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UN rights chief says Bolivia indigenous people facing continued discrimination

UN High Commissioner for Human Rights Navanethem Pillay [official profile] warned Wednesday that, despite the Bolivian government's reforms, most indigenous people and other vulnerable groups continue to suffer from extreme poverty and exclusion [press release]. Pillay commended progress [UN News Centre report] by the Bolivian government in adopting reforms to end discrimination while voicing concerns over the lack of access to justice, particularly in rural communities. Noting various advances, Pillay commended several social programs adopted by the Bolivian government, particularly ones aimed at alleviating poverty and exclusion. Pillay suggested that "the soundest nation-building is one that takes into full account and promotes the rights of all citizens irrespective of their ethnicity, culture, sex, age, class or language." Pillay's comments come after her first visit to the country, where she spent five days talking to President Evo Morales [official website, in Spanish; BBC profile] and other key government officials. In addition, Pillay met with indigenous representatives and authorities, torture victims, and representatives from the Afro-Bolivian community.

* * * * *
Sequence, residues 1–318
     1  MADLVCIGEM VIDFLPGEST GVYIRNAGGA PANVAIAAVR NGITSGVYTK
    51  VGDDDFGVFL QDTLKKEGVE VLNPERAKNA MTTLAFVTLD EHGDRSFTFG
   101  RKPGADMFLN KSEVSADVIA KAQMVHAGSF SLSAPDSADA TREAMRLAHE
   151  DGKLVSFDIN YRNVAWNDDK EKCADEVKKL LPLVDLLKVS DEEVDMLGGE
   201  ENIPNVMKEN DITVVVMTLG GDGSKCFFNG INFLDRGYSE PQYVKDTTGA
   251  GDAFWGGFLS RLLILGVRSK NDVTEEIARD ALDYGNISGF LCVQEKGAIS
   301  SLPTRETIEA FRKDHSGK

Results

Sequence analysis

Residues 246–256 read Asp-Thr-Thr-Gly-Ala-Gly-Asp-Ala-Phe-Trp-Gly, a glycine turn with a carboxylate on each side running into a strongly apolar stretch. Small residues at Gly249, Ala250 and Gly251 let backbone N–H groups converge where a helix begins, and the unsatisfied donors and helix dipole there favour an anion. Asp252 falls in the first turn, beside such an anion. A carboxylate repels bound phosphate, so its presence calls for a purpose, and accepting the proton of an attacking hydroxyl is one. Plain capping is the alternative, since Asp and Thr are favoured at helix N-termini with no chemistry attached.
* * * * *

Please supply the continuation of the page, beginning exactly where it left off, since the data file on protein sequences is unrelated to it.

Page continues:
The UN reported last year that the indigenous people of Bolivia and Paraguay are often forced into labor and face discrimination [press release], severe poverty and violence, urging the two countries to take action in order to protect the human rights of these groups. In October, Morales signed a controversial bill [text, PDF; in Spanish] into law that permits the government to punish media outlets for publishing racist content [JURIST report]. The legislation comes as part of a wider campaign by Morales to advance the interests of the majority indigenous community, which has been a theme of his presidency [JURIST report]. In June, the Bolivian National Congress approved legislation to create an independent justice system [JURIST report] for indigenous communities. Bolivia's new constitution [PDF text, in Spanish] took effect [JURIST report] in February 2009, giving more power to the country's indigenous majority. Morales said that the charter represented a new beginning, by providing for redistribution of land and natural resource revenues [JURIST report], the creation of congressional seats reserved for indigenous representatives and the institution of special courts for some indigenous communities.

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